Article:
The Resource Revolution Trainer

Coupling Sustainability with Excellence. An online self-training guide for business.

SESSION 6: The Challenge of Time and Scale

Overview:

Session 6 explores the issues of time and scale that you face in taking radically more resource productive products and services to the mainstream market. It includes the dilemmas encountered in applying appropriate investment decision-making time frames, as well as upfront design questions related to the ultimate product lifetime. Finding solutions will require, among others, creative leadership inside your company and soft technology innovations in the form of alternative business models. Mindful of the scale of the global resource challenge, it can be argued that radical productivity improvements need to be introduced at massive scale. At the same time, you will need to take care in considering the role of intermediary technologies and avoid the pitfalls identified by E.F. Schumacher in his 1970s book Small is Beautiful.

Presentation:

Support Materials:

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Samsung

An example of a business leader being the committed champion comes from the Korean conglomerate Samsung. Its founder Lee Byung-Chull started the company in 1938 as an exporter of dried fish, fruit and vegetables. Later the company moved into food processing, textiles and retail. By the 1960s and 1970s the company moved into electronics, construction and shipbuilding. His son Lee Kun-Hee took over in the 1980s.  He examined quality performance standards abroad – notably in Europe, USA and Japan – and inspired his management to become a vertically integrated, globally networked manufacturer. One strategy of the company is to spot technology transition points and catch up with incumbents quickly.  It is also taking a leadership position on many fronts. In 2010 Samsung pledged US$ 20.6 billion investment in five high-growth businesses including solar cells, rechargeable batteries for automotives and LED technologies. It is also heavily investing in water filtration and offshore wind energy.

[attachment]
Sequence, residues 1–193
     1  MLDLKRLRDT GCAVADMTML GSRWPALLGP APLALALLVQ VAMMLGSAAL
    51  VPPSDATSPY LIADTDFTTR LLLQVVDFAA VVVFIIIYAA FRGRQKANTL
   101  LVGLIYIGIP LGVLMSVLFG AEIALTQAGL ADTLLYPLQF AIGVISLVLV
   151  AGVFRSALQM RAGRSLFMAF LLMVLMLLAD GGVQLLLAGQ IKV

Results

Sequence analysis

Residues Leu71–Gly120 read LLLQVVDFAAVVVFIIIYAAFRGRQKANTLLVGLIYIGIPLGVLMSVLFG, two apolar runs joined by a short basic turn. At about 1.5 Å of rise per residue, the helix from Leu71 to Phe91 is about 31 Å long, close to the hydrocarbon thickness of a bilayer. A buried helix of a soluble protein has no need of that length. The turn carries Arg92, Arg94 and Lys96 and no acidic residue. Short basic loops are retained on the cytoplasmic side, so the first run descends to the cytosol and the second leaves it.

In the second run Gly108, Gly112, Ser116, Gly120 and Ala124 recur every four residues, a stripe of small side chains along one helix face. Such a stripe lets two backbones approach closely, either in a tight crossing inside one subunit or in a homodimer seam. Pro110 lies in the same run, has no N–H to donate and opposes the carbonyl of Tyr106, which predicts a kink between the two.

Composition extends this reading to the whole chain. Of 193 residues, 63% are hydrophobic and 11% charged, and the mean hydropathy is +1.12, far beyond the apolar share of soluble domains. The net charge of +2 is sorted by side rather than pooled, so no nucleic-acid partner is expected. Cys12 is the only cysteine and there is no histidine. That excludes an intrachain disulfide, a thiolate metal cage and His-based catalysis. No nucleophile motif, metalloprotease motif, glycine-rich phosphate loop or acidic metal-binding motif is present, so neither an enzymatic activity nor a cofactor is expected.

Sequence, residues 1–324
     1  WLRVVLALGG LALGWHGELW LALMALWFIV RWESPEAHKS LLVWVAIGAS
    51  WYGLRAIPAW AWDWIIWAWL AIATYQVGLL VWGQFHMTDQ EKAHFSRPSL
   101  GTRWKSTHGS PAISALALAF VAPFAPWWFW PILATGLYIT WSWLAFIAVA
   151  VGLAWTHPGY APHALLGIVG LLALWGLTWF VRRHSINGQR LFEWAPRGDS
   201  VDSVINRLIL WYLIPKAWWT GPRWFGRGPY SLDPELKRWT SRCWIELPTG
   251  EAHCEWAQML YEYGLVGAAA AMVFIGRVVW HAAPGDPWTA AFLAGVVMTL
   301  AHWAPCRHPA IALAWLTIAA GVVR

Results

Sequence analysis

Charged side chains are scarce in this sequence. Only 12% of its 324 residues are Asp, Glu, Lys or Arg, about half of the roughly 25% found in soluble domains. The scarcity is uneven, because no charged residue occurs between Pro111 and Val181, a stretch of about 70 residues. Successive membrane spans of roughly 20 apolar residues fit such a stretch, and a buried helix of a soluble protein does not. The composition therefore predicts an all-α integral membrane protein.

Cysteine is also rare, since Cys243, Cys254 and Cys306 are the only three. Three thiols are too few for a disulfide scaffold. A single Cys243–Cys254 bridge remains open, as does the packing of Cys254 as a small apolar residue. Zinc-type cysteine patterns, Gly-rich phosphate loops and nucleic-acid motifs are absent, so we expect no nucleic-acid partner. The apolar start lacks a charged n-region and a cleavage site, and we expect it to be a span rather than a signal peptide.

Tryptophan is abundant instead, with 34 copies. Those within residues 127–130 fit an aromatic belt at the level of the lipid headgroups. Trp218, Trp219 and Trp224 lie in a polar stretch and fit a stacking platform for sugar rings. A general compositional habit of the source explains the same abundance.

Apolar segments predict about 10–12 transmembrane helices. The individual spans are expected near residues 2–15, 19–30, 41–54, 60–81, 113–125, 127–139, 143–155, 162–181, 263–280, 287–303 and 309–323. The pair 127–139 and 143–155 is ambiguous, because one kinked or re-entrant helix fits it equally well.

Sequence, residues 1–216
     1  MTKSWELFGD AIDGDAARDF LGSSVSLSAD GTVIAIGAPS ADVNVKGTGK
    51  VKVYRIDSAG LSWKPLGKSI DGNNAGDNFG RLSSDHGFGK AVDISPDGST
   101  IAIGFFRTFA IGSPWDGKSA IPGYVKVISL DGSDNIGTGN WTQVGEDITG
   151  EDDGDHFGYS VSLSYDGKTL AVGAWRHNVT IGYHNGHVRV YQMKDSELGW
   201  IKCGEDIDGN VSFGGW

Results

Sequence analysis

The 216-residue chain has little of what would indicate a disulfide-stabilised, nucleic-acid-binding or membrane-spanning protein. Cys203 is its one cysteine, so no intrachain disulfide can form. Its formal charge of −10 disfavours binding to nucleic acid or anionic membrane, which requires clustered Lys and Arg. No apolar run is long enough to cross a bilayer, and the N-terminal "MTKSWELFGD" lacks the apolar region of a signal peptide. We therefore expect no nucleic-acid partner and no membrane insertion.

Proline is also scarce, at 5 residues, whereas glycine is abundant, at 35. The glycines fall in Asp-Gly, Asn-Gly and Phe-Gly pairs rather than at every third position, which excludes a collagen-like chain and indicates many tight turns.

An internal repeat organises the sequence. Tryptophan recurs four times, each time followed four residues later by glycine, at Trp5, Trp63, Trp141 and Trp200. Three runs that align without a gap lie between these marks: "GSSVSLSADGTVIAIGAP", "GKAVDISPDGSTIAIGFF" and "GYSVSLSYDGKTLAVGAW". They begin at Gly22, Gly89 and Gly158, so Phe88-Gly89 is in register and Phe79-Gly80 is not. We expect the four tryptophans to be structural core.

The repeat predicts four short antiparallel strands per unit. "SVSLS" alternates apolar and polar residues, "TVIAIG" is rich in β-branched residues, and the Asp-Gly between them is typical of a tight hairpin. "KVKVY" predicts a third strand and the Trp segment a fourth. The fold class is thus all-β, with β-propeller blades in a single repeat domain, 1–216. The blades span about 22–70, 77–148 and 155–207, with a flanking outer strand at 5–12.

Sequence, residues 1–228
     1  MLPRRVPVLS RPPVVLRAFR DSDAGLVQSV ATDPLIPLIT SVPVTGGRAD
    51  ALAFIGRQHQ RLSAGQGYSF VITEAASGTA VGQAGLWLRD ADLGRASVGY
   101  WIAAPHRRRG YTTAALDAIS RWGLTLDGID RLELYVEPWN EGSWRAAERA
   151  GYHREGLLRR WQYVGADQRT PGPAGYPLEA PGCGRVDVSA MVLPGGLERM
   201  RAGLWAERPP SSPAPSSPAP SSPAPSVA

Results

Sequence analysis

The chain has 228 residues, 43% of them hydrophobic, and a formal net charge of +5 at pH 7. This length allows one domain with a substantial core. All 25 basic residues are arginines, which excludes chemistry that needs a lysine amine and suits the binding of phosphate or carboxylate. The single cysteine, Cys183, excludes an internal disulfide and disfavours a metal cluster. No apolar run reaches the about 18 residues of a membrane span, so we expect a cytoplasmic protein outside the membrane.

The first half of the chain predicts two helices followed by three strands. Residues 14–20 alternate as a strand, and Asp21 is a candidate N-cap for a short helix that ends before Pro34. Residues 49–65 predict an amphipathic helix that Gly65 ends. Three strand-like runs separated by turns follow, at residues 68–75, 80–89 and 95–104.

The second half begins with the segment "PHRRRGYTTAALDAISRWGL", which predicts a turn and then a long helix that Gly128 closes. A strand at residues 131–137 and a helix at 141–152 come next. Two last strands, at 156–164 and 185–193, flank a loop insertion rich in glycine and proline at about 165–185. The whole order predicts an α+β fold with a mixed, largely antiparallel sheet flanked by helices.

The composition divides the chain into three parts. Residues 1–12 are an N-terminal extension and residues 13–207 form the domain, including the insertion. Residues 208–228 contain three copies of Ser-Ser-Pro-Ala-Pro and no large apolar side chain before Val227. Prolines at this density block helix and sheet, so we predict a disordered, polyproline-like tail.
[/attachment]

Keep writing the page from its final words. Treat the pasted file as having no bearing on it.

Reflect on the following questions and discuss with colleagues in your company:

  1. Does the design of your products and services effectively promote Reduce – Re-use – Recycling of waste? Are your approaches delivering at the scale required for the Resource Revolution?
  2. Mindful of consumer interest in quantity and quality, how would you make the case to your providers of financial capital to support your radical resource productivity innovation to pass the threshold of major market take-up?
  3. What is an appropriate economy of scale for your products and services to have optimal impact in terms of sustainable resource use? What supply and distribution network design will be most effective to pursue in the coning five years?
  4. In as far as you make use of outsourcing and external supplies, do your supplier agreements effectively make provision for resource use innovations? Can you convene a regular suppliers convention to assess collaborative possibilities for achieving Factor 5-10 productivity improvements?
  5. Who would be key champions in your business to lead a Resource Revolution programme? Would it be a certain department, such as operations, IT, marketing, finance? Would it be certain key individuals, including the CEO? What about Board level commitment? Map a plan for starting the initiative.